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All the Baubles of Advent . . . The Remembrances of Christmas

Updated on January 4, 2019
Lynne-Modranski profile image

Lynne has been sharing devotions for Advent for more than 20 years. She started out writing just for her family, then her church & now . . .



I’ll be honest. I’m a little obsessive compulsive. When I tell people about my Christmas ornaments there are usually either giggles or stares of disbelief. It’s not because I tell them I could never have a themed tree or something all in one color because I have too many ornaments with memories. I can’t imagine not hanging them all up every year. Those looks don’t even come when I tell them I say a pray over each ornament as I put it on and take it off the tree. I know where each one came from, and I pray for the person or family who gave it to me.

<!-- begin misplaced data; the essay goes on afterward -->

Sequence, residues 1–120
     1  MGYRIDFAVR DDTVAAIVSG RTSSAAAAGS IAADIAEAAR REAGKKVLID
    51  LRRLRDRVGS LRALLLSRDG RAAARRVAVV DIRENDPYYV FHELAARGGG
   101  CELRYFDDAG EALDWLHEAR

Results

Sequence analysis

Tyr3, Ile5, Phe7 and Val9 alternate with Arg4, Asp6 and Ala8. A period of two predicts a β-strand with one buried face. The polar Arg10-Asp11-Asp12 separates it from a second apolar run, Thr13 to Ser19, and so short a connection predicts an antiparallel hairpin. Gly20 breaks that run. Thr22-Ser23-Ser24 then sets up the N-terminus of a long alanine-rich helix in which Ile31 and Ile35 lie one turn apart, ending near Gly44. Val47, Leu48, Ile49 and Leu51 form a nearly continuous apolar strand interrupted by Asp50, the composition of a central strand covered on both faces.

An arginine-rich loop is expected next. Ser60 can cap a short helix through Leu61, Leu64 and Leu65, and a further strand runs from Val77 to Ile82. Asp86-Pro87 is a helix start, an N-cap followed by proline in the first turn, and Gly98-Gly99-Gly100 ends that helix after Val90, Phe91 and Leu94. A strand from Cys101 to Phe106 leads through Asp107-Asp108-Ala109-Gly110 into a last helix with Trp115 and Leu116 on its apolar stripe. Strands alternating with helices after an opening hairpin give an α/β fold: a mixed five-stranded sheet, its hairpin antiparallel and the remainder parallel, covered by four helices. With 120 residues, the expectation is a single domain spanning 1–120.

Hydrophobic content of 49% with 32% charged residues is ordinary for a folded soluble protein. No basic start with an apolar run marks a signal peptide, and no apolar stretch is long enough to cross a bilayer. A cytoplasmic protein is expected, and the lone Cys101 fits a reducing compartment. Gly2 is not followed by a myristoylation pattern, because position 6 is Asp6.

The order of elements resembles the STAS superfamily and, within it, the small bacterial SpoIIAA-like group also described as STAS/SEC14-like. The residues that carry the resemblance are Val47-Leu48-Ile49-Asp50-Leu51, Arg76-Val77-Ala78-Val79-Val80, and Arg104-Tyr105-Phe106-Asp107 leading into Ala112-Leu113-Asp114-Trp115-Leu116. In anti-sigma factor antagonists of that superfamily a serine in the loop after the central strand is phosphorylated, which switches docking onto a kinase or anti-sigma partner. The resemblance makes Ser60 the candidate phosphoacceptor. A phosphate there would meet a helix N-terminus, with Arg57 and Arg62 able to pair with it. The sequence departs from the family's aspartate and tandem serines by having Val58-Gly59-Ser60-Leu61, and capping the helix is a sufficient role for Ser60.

No, the giggles and stares start when I tell folks I have a spreadsheet that catalogues every ornament, the year I got it, the person who gave it to me and what category it falls in. For instance I know that I have 240 ornaments and sixteen of them are snowmen. I started keeping track when my kids were little so I could give them a list of their ornaments when they moved out. (They each had between 60-120 ornaments of their own when they married. Our tree was really full for a few years!) And I love the memories my spreadsheet helps me keep.

But my favorite thing about the ornaments is the way they can keep me focused on the truth of the season if I let them. Each one will point to Christ, His birth, His life, His death and His resurrection.

This year I’m hoping these Advent Readings will help you see Christ in every decoration of Christmas. I pray everything you see will inspire you to praise your Heavenly Father and allow the Holy Spirit to bring true peace. May every Bauble and Bulb help you to remember all the beauty that came with the Birth of Jesus Christ.